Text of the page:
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Activities Directors Find Balance in Life by Officiating

By Tim Leighton on November 03, 2020 hst Print

Serving as a school’s activities administrator brings an array of challenges, and conversely, plenty of rewards. These individuals are the point guard of a department and manage activities ranging from athletics to the fine arts to special school events like Homecoming, Snow Week and Prom.

High School Today contacted four activities administrators who also officiate to find out how they make the juggling work between a professional career and giving back through the avocation of officiating.

From debating whether to continue as an official when they became an administrator to finding strategies of balancing work and time management, and ultimately, encouraging others to follow their lead, the four were passionate, candid and filled with gratitude as they shared their journeys.

Mike King
Irene-Wakonda High School
Irene, South Dakota

Professional: Activities director (18th year); school bus driver; business teacher; longtime basketball, track and field, and volleyball coach; superintendent of Irene Golf Club.

Sports officiated: Volleyball (12 years), football (19 years), basketball (27 years)

Reflection: “I played basketball and baseball in college, so it was an easy transition to officiating. It was a great chance to hang out with friends. It is a lot of fun. We still have the same group. It’s never been about making any extra money. I never gave it a second thought about being able to balance being both an official and an administrator. I don’t think there has ever been an issue with conflict of interest. I still like to coach, administer and officiate. Doing all three is very rewarding. I don’t know that there have really been a ton of challenges along the way with balancing the officiating and administration. If we have home games, I try not to officiate elsewhere. The biggest challenge is finding the time to manage it all. I was an official before I entered administration. (Upper administration) was OK with it as long as all the bases were covered. The biggest piece of advice I would give an administrator who would like to officiate is to either do it early before you have kids or wait until after they are done with school. You just don’t want to miss your kids’ stuff. They are only young once. Finding that balance is key. Learn to step back a little to enjoy the time with your kids, your students and your school.”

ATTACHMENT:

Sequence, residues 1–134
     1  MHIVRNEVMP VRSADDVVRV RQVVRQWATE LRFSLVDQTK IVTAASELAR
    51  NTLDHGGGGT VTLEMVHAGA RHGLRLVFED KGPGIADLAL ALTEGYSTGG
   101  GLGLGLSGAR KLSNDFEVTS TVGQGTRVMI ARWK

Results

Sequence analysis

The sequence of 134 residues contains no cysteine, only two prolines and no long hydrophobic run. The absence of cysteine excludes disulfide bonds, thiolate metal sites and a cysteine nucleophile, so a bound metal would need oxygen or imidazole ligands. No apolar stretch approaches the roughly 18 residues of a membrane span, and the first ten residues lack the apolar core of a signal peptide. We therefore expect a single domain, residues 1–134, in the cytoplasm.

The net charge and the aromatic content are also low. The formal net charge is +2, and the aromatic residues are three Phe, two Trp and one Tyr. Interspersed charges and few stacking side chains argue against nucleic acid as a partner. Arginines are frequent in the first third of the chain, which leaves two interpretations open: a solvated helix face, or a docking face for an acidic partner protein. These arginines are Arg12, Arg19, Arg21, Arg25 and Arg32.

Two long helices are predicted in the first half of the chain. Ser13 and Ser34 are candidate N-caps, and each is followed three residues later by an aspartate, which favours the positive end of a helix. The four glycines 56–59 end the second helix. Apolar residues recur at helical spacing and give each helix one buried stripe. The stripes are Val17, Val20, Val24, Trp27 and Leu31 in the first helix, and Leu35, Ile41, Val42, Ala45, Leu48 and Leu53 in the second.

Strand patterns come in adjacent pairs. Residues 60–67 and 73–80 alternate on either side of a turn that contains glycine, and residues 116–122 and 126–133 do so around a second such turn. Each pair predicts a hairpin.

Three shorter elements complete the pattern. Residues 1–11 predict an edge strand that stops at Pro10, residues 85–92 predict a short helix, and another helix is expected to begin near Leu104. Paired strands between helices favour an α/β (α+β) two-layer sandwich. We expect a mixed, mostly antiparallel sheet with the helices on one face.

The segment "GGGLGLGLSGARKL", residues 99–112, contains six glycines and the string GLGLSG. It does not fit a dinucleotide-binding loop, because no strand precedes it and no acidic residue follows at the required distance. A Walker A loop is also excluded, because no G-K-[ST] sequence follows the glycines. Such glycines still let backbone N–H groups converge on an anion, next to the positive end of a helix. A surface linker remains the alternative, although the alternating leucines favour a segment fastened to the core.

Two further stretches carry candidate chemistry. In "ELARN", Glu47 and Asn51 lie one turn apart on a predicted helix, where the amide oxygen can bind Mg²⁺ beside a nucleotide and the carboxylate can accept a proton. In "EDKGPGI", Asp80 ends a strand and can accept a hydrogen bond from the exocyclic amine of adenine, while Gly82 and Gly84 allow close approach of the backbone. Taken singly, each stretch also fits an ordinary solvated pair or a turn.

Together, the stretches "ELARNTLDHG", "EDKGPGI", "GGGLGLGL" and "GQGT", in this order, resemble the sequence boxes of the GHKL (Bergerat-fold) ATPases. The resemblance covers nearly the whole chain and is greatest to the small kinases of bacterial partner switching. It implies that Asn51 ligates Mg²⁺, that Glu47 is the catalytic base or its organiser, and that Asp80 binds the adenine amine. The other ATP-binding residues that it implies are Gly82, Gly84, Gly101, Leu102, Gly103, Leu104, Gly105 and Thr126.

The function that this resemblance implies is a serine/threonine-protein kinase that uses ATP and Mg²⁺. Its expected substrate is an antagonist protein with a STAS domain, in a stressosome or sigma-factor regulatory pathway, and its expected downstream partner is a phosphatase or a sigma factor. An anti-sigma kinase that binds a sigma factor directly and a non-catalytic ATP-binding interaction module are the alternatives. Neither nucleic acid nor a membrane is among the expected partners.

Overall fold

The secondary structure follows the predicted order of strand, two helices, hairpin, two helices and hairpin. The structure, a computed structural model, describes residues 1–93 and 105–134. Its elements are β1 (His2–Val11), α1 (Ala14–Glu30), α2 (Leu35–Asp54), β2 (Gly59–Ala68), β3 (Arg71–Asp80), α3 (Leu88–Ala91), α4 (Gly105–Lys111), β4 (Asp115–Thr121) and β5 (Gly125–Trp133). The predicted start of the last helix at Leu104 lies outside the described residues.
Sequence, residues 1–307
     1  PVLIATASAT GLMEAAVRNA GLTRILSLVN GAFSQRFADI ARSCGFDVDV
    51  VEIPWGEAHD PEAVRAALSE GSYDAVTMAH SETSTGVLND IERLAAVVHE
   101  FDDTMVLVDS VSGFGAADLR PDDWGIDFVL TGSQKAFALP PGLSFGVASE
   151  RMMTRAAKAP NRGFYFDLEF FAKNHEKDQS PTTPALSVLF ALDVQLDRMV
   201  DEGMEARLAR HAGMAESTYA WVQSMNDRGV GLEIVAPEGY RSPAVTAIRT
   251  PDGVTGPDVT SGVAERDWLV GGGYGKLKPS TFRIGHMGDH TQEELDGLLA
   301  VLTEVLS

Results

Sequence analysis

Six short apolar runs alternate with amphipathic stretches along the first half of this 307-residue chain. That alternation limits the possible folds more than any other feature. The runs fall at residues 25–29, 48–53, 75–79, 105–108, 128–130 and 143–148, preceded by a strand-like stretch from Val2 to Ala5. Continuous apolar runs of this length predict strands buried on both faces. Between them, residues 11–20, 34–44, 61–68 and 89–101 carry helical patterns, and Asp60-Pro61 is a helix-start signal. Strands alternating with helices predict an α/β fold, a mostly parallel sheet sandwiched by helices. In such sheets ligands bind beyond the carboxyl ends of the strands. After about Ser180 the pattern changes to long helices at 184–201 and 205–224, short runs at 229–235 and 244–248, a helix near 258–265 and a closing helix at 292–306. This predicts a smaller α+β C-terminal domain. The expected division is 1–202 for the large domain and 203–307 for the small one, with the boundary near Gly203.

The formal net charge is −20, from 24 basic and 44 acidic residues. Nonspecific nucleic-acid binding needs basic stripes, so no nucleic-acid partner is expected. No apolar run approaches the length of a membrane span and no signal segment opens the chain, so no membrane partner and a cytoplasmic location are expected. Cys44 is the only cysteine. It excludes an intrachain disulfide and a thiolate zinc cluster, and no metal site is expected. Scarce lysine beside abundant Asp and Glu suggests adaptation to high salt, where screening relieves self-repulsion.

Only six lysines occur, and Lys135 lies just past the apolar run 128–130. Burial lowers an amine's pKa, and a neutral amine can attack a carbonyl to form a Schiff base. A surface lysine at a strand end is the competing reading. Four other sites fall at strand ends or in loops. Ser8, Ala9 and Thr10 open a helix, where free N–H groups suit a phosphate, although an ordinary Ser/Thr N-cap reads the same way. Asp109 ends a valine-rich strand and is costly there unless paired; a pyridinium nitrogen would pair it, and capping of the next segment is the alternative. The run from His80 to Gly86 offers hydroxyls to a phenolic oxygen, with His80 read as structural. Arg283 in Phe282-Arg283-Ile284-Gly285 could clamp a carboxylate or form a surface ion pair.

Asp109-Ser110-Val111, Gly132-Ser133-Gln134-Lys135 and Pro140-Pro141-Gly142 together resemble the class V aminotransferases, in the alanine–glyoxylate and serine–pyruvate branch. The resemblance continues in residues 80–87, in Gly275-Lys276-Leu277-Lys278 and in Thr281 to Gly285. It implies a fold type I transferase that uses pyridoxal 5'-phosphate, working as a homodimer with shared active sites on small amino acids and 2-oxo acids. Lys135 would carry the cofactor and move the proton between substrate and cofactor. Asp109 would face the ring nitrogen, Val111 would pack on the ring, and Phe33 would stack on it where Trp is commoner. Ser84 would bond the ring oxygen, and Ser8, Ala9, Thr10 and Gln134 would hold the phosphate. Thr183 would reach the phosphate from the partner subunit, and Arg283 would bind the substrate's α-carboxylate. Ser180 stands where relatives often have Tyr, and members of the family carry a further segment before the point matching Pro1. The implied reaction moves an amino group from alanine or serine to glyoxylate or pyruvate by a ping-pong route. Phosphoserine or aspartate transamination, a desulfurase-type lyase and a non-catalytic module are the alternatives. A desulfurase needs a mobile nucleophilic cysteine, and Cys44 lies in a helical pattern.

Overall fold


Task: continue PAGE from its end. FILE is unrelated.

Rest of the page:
Karen Leinaar
Bear Lake High School
Bear Lake, Michigan

Professional: In 38th year as an athletic director; member of the Michigan High School Athletic Association’s Representative Council; Executive Director, Michigan Interscholastic Athletic Administrators Association.

Sports officiated: Since 1978, officiates Competitive Cheer, Track and Field, Cross Country, Volleyball. Also officiated softball and baseball early in career.

Reflection: “I added to my sport officiating list when I became an administrator because of having an official get in an accident on their way to a game. The official was OK, but the game had to be postponed due to the lack of an official. That was when I figured I needed to get registered for those last-minute situations. I only work games (now) as a last-minute replacement. My school events come first. I often work track and field and cross country events that my school is attending as a referee or event official, helping others to play and enjoying my student-athletes while they are playing. It is always a great day when we can see an athlete do their best, and that makes my day. I challenge administrators to become officials, especially when they have come from the coaching ranks. Why not give back and get a little relief as an official? Sometimes, you also need to be the official in your own gym due to circumstances beyond your control. It might even be that retirement gig to stay busy.”